Ostomy life and mental health

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It’s easy to talk about physical recovery, but not so much mental recovery.

However – due to the intrinsic link between the brain and the gut along with how drastically an ostomy changes bodily function and image – mental strain can weigh pretty heavy for some.

I think if everyone was honest who has been through the experience of ostomy surgery they would admit that it does pose a mental, as well as physical challenge. These can present as minor mindset challenges to do with stress, frustration and fatigue (etc), to full blown crises to try and overcome.

For me, I am five months post op and on the right path to restoring both my physical and mental fortitude to full capacity. But it’s not something that happens overnight and does take time…Getting constant hospital, health and surgery thoughts, worries and consultations out of your head…it takes time! As does getting fit again.

But I’ve identified areas for improvement and it feels good to be doing something about it. Thankfully, I have always been comfortable with how my body appears (but not exactly to the extent of wanting to show off my ostomy); accepted how my digestive system functions (there are some pros to bypassing the arse!); and I don’t mind having the bag per se (but would clearly rather not have it).

And in terms of opening up about my ostomy life, I am obviously ok talking about my ostomy via my blog and talking about in real life to a certain extent, which are good things I think.

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Getting fit also makes me feel better mentally, so it’s a win-win!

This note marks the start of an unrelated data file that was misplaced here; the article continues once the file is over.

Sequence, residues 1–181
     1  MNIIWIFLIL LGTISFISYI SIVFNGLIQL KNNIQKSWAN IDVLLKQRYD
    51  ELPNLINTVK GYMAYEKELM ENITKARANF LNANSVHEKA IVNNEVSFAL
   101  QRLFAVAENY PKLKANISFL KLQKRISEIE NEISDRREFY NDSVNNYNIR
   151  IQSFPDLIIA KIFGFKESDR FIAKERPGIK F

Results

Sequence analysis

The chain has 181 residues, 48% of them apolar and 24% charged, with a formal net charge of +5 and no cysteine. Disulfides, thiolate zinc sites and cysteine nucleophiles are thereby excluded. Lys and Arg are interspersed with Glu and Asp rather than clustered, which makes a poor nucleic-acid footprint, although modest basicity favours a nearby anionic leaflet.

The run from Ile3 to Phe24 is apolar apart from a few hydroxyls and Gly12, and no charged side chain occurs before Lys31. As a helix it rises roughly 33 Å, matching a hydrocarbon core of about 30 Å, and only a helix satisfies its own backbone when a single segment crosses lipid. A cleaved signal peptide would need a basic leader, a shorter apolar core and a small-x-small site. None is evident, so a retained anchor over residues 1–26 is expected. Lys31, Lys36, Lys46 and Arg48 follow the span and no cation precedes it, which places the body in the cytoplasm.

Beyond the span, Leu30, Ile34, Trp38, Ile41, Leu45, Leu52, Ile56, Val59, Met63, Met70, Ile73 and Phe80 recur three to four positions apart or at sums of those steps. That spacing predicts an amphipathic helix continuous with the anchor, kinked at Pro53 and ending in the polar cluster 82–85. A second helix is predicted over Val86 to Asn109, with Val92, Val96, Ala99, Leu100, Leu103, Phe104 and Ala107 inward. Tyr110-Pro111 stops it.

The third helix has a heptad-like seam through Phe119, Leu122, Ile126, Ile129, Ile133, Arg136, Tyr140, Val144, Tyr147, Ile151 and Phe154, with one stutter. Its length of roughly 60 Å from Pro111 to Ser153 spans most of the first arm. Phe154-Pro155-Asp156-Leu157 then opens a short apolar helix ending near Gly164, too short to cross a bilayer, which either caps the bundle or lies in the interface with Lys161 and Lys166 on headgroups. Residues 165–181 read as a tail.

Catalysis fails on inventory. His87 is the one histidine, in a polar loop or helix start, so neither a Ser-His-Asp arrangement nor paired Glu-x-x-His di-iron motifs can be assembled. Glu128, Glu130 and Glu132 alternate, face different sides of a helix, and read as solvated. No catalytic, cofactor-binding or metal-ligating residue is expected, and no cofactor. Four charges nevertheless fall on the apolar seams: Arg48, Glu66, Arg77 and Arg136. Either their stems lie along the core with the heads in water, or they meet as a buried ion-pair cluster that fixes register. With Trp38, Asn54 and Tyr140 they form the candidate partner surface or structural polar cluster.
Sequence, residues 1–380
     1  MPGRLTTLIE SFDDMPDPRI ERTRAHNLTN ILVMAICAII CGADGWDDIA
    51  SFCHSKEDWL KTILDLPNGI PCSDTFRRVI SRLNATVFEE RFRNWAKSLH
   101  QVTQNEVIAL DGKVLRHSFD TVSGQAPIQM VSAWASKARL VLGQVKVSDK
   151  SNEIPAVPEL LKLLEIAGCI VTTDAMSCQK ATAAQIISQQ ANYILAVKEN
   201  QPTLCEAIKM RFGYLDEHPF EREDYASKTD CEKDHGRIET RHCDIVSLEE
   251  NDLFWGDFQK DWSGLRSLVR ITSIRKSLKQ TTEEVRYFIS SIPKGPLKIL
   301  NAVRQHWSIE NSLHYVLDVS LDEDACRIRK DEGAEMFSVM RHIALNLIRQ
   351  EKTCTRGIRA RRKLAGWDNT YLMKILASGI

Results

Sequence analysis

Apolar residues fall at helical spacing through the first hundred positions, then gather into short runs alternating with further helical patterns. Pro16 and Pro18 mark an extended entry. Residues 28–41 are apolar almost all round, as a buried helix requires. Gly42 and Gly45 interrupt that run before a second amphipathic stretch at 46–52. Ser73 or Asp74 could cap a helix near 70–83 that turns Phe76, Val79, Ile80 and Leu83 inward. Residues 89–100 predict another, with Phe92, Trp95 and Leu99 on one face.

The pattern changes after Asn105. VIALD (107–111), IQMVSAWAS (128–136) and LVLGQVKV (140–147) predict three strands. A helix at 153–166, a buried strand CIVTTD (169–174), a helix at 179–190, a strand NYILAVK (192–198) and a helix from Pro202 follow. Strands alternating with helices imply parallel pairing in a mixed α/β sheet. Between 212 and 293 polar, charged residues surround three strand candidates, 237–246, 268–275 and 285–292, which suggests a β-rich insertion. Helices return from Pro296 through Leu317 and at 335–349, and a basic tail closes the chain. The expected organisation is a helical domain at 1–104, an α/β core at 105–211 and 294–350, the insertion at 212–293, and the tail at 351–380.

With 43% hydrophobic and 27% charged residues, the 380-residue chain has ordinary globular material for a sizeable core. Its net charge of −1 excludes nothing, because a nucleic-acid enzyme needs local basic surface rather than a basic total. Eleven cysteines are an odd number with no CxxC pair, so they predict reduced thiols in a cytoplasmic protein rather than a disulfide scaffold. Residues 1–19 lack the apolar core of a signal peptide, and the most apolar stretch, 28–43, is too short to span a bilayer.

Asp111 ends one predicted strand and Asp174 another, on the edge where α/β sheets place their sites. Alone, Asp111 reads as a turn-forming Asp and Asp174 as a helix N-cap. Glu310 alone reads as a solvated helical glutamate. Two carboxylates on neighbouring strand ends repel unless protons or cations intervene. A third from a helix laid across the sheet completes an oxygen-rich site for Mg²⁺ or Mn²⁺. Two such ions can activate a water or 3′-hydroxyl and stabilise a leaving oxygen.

But I’m not yet at the stage – and doubt if I ever will be – where I would, for instance, casually display my ostomy bag at the local swimming pool or at the beach on holiday. Or talk about it with colleagues at work.

Does this reluctance to 100% reveal and talk about my ostomy mean I have a mental barrier to overcome? Nah, but it does highlight how some people, like me, continually find it hard to not give a shit what other people think and place a high value on a certain degree of privacy.

My main mental challenge

Since surgery, there have been no major issues which is good. My main mental challenge has been fretting about little sounds my stoma occasionally makes, especially at work in a quiet office environment, that can sometimes make me apprehensive, distracted or inward looking.

But, I am starting to find positive coping mechanisms and am confident I will either learn to get used to these minor symptoms so they don’t bother me, or the actual symptoms will improve as my stoma continues to settle down.

I realise in the grand scheme of things these issues may sound trivial, but to me they can pose a challenge. I also think that if this is my only issue with it, then I’m not doing too bad!

This is actually my fourth ostomy but my previous ones I would say settled down quicker. With this one, I have struggled the most with taming, as it has mis-behaved more than my previous ones especially in the first few months. But I am getting on top of it now I feel, but there is a little way to go.

Overall though, I am doing fine and I have no major problem with physically having an ostomy bag, but some of its side effects (such as gas) can cause fretful moments. It’s something I’m working on and what is helping me is realising that hardly no one would ever hear it make a sound except me, because I am so acutely tuned into it. And most of the time it would just sound like a strange tummy rumble.

What I eat can also affect the amount of gas I create and I’ve learned to try and cut back on things like scrambled eggs and yoghurt, which can trigger it!

What is the most challenging thing you’ve found with your ostomy?

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